| TOKYO, April 8
TOKYO, April 8 The rise in Japan's sales tax to
8 percent that took effect last week has driven a boom-and-bust
in sales of high-priced items like jewellery but passed with
little impact on sales of daily necessities, two leading
Japanese retailers said on Tuesday.
Takashimaya Co, Japan's third-biggest department
store operator, said the last-minute rush of demand in March had
been stronger than the company anticipated, especially for items
like watches, jewellery and luxury brands. As a result,
Takashima sees a pullback in sales starting this month that will
continue through summer, the company's president said.
Meanwhile, FamilyMart Co, Japan's third-largest
convenience store chain, said its sales were up by about 1
percent over the past week since the tax hike took effect,
excluding lower sales of cigarettes which had surged beforehand.
"We think the consumption tax factor will have played out in
the March-April period," FamilyMart President Isamu Nakayama
said at a news conference called to announce earnings.
Financial projections by retailers like Takashimaya and
FamilyMart will indicate how big a hit businesses expect to
consumption after the sales tax hike. That, in turn, will be key
to whether the Bank of Japan decides to expand its quantitative
The BOJ stuck to its existing monetary stimulus on Tuesday,
saying Japan was on track to meet its 2 percent inflation target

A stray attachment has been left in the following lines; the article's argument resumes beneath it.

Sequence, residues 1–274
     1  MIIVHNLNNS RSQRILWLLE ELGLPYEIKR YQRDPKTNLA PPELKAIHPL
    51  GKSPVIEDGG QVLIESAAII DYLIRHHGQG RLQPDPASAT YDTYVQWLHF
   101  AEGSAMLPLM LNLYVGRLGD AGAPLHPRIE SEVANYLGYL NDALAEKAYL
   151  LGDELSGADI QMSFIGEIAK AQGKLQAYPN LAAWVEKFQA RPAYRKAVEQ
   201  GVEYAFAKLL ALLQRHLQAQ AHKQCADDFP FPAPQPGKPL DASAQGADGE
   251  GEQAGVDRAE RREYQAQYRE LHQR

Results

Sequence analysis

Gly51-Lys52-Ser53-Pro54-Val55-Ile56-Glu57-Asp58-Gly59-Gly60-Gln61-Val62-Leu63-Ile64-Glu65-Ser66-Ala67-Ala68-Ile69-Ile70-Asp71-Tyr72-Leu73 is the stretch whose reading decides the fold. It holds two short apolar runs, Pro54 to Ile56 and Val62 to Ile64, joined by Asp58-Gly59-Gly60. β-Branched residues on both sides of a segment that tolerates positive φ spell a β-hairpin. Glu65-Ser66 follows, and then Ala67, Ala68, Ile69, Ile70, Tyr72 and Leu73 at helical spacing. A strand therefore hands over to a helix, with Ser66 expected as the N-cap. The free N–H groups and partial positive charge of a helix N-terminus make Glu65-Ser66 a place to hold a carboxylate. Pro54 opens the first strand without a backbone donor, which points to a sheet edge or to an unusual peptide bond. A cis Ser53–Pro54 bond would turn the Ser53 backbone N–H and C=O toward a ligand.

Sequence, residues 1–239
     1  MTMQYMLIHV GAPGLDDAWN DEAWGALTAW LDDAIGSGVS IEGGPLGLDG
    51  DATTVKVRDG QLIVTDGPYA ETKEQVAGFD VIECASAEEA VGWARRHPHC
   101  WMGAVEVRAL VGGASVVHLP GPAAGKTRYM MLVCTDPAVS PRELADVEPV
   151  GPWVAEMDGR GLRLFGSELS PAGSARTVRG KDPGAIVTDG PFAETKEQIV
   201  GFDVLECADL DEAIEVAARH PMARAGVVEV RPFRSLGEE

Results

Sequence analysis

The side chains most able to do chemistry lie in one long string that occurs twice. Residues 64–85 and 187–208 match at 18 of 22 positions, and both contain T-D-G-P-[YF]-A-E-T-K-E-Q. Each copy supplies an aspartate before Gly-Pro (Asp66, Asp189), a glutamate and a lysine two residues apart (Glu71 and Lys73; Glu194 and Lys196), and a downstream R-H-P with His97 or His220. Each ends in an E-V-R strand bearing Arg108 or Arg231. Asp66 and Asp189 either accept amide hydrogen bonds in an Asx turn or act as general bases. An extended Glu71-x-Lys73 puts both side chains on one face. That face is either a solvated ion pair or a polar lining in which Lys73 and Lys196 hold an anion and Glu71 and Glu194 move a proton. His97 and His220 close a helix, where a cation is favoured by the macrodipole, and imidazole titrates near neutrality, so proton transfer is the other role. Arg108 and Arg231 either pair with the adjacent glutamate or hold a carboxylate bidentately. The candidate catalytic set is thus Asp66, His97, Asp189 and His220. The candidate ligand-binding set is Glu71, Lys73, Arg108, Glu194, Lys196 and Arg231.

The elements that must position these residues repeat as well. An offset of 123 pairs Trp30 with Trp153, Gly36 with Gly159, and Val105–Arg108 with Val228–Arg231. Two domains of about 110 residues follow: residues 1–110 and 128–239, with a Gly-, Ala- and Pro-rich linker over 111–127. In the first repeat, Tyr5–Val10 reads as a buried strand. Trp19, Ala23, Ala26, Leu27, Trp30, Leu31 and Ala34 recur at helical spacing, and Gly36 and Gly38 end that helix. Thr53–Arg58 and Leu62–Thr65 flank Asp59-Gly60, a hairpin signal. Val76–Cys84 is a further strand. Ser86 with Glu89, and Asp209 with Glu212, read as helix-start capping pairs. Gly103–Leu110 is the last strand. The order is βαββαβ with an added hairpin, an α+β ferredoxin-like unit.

by April next year.
But the imposition of the sales tax hike to 8 percent from 5
percent and the prospect of a further increase to 10 percent in
2015 has clouded the economic outlook.
The last rise in the sales tax in 1997 dragged Japan into a
recession and depressed private demand for years.
Japanese consumers spent more aggressively on higher-priced
items like art works in the run-up to the tax than Takashimaya
had expected, based on its experience in 1997, President and
Chief Executive Shigeru Kimoto told a news conference.
For April, the retailer forecasts a 14 percent drop in
sales, followed by a nearly 6 percent decline in May and then an
almost 4 percent drop in the three months to August.
"From April we're seeing the reaction," Kimoto said. "The
pullback could be a bit more than we expected this month."
Department stores like Takashimaya saw a spike in demand
before the sales tax hike with consumers snapping up watches,
jewellery and other big-ticket items.
Takashimaya's domestic department store sales in March
jumped 33 percent from the year before. Isetan Mitsukoshi
Holdings Ltd and J.Front Retailing Co Ltd's
Daimaru Matsuzakaya saw spikes of 24 percent and 35 percent
Last week, Seven & I Holdings Co, operator of the
7-Eleven chain and owner of Sogo and Seibu department stores,
unveiled plans for a record pace of expansion at home, unfazed
by the sales tax increase.
For its part, FamilyMart said it would look to open 1,600
stores in the current fiscal year, and annual sales at Japan's
convenience stores taken together could grow another 20 percent
to become a $115-billion market.
Takashimaya is seeking to cushion the impact of the expected
snapback in sales with a promotion offering 1,000 yen coupons on
items priced 10,000 yen or more. It said it would look to offset
the reduced sales with lower costs, including reduced spending
on rent after buying a bigger stake in the building that houses
its store in the Tokyo hub of Shinjuku.
(Editing by Kevin Krolicki/Mark Heinrich)